Wednesday, April 07, 2010

What can the Swiss teach us?

Plenty, apparently:

Learning from what works
Low taxes and financial privacy laws should be emulated
[...] In many ways, Switzerland seems unlikely to be such a long-term global success story. It is a small country with religious and language differences; nevertheless, the Swiss have managed to live peaceably together for a long time. It has few natural resources, yet it has managed to have one of the highest per capita incomes in the world. It has a world-class health care system, which is privately run. Health care insurance is subsidized, and everyone has access regardless of income, but there is no "public option."

Switzerland is not perfect, but it is clean, prosperous, well-managed, pleasant, humane and very free. In the more than three decades I have been coming to Switzerland, I have been convinced that the United States and the rest of the world can learn from many things the Swiss have done. The Swiss are practical rather than ideological, but they do revere liberty. They protect private property and free markets and restrain themselves from rampant deficit spending. The Swiss maintain a sound currency, which has been rising against the euro, dollar and pound. Capital, goods and services, with few exceptions, move freely into and out of the country.

Long ago, the Swiss understood that most things government needs to do and constructively does are at the local level. So, unlike in most modern nation-states, local government has the bulk of the resources and activities, while the central government remains relatively small and less important in the daily lives of the people. In the U.S., roughly two-thirds of government is at the federal level, and one third is at the state and local level. Switzerland is just the opposite, with roughly two-thirds of government being at the state (canton) and local level. Both the United States and Switzerland are federal republics. If one reads the Federalist Papers and the other works of the American Founding Fathers, it is clear they envisioned a nation that operates much more like Switzerland than one with the large central government the U.S. now has.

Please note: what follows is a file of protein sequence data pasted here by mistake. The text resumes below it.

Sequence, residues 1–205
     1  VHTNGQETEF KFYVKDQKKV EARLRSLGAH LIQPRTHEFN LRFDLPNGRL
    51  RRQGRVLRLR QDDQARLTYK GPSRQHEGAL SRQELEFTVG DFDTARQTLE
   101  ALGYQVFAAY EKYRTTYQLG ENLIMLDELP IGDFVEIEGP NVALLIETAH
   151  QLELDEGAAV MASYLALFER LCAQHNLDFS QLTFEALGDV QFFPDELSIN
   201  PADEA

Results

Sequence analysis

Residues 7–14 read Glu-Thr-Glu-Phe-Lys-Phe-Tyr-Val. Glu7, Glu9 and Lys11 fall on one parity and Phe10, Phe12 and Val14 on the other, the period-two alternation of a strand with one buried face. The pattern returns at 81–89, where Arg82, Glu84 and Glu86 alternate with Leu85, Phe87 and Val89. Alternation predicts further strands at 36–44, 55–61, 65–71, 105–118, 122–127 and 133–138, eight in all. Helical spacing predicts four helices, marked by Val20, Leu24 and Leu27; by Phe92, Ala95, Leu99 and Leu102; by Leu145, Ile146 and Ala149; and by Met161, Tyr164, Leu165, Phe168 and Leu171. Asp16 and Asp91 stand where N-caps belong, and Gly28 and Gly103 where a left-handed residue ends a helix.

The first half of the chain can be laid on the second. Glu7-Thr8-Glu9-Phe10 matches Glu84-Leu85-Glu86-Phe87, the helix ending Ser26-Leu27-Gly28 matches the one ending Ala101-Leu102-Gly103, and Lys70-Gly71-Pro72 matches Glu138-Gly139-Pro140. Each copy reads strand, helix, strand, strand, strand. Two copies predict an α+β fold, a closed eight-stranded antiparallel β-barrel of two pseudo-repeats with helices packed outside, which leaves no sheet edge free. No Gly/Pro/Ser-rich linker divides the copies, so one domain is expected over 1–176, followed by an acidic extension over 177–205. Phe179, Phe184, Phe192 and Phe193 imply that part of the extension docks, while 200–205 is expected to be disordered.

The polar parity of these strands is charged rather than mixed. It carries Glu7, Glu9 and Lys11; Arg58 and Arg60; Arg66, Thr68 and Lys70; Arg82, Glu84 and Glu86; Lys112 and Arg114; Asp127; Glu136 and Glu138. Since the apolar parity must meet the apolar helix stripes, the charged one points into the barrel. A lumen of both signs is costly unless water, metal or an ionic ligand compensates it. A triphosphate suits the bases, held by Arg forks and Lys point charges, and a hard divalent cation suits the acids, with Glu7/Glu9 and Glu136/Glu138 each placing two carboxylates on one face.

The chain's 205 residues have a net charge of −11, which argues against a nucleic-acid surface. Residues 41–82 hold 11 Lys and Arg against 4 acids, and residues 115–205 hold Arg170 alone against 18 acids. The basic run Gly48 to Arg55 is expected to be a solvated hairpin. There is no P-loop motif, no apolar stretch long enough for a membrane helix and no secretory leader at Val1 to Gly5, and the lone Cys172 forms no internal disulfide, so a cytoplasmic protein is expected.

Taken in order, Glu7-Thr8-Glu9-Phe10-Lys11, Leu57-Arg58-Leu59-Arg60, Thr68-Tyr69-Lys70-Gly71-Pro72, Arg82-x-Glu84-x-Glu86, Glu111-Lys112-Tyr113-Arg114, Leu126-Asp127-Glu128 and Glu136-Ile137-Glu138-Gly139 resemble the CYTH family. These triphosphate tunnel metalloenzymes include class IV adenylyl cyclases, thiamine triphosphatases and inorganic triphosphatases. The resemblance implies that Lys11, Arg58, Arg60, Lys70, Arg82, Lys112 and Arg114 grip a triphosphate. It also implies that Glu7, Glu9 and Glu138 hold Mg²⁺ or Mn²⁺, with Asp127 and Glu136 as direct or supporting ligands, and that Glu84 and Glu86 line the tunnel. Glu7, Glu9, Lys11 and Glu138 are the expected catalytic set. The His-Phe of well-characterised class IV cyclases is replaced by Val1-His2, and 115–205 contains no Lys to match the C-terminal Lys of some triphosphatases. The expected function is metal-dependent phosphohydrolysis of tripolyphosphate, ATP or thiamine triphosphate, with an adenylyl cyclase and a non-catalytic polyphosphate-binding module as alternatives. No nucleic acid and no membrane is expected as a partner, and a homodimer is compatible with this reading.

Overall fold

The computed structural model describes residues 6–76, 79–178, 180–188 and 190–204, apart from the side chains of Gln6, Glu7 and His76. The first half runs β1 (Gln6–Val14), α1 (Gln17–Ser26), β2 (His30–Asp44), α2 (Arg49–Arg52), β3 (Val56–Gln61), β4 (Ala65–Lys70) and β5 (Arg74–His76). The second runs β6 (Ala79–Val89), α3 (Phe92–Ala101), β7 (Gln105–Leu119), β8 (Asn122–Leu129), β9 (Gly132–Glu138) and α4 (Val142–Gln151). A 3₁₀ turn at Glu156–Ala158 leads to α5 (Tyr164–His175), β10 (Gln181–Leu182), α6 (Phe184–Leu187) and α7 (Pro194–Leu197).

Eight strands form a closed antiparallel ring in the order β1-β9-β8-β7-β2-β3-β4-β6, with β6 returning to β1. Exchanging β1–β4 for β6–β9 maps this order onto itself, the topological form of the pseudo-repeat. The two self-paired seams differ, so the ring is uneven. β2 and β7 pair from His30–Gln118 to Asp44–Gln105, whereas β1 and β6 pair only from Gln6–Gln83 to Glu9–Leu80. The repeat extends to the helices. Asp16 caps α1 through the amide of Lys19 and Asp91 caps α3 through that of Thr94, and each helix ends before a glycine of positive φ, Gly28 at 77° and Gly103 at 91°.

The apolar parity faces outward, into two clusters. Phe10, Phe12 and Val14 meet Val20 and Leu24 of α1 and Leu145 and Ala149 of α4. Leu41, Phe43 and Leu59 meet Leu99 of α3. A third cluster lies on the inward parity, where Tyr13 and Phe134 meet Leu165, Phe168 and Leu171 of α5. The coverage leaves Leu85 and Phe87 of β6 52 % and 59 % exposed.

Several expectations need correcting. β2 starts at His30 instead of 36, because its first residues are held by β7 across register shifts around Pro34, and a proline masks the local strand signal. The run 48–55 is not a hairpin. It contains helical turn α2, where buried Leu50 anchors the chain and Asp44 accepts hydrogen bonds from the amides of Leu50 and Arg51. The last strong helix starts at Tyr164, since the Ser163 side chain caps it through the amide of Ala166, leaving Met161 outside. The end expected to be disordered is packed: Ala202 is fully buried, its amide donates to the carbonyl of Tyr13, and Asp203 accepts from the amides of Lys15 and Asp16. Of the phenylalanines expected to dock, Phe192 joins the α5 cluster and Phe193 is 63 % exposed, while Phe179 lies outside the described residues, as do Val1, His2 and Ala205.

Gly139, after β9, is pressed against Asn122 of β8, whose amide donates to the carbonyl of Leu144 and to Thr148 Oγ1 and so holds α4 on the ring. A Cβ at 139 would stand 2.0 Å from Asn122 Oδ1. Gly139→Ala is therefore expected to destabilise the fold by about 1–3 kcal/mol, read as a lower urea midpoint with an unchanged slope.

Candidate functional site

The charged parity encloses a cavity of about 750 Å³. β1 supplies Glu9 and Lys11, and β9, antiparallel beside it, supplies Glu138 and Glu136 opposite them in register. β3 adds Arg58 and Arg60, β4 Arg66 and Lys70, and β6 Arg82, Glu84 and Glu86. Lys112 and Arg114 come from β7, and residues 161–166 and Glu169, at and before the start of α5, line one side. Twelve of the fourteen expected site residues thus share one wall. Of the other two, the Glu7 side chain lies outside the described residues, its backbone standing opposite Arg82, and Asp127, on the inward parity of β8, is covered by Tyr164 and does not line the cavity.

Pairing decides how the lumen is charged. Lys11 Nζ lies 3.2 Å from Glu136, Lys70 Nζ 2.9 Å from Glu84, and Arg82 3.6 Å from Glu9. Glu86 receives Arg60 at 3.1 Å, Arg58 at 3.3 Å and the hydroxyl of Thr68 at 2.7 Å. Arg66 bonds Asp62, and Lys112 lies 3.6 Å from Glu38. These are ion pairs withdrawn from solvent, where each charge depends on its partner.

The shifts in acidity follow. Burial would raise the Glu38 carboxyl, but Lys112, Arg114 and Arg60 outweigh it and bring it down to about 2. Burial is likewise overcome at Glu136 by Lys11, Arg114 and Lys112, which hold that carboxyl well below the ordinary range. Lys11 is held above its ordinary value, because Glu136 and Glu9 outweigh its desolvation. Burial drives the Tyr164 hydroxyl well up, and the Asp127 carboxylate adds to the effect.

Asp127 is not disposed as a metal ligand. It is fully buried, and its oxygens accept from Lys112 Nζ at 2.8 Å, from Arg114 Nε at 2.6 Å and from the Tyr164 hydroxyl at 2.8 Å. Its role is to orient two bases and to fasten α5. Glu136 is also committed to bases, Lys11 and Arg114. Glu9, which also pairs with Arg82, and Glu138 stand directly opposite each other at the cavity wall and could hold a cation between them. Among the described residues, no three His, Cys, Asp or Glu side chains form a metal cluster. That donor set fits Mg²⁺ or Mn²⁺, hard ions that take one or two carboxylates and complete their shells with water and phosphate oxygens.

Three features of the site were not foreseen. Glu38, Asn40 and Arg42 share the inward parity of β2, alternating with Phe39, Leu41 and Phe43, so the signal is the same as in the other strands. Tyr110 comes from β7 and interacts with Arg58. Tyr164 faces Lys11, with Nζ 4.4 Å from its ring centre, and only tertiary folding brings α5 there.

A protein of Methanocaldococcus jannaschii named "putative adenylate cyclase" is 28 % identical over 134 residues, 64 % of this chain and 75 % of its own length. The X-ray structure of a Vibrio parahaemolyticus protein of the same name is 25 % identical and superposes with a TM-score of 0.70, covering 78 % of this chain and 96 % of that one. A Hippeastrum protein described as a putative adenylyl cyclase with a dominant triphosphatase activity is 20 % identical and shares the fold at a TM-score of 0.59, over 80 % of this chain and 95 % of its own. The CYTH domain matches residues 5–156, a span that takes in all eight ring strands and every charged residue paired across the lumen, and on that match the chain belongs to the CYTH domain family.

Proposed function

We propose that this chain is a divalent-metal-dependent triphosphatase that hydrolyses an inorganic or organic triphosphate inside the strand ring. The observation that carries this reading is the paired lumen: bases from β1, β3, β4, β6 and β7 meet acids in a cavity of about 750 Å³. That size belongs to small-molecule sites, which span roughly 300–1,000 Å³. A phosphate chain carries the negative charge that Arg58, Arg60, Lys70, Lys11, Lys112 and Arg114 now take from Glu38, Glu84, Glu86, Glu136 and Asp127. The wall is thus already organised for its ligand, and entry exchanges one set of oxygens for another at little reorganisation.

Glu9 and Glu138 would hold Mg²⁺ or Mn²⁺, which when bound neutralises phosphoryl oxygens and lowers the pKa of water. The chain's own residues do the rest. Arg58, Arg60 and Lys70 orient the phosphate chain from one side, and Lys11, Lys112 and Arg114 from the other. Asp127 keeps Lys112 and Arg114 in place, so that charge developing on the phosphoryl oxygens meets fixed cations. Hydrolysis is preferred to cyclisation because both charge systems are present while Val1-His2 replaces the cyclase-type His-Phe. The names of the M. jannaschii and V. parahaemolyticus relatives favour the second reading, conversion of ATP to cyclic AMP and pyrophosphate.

The maximum marginal tax rate at the federal level in Switzerland is about 11.5 percent, while in the U.S., it will be more than 40 percent as a result of Obamacare and the planned expiration of the George W. Bush tax-rate cuts at the end of this year. In Switzerland, maximum income tax rates in the cantons range from 10.9 percent in Zug to about 30 percent in places like Geneva. In the U.S., state and local income tax rates range from zero in places like Texas and Florida to roughly 12 percent in New York City and California. Thus, the overall maximum income tax rate in Switzerland ranges from roughly 20 percent to 40 percent, depending on location, while in the U.S., the maximum rate ranges from 40 percent to 51 percent.

Switzerland also does not impose a capital gains tax, and most cantons allow large deductions for interest and dividends. On the negative side, Switzerland imposes a value-added tax (VAT) and a very small wealth tax. On the positive side, the average combined federal-canton corporate tax rate is 21.3 percent (and may be as low as 11.8 percent in some places) while in the U.S., the average combined federal-state rate is more than 40 percent. [...]

There is a right way and a wrong way to tax people. The right way does not sink the ship. No country is perfect, but we can always learn from what works.

Also see: The Swiss, and their Guns


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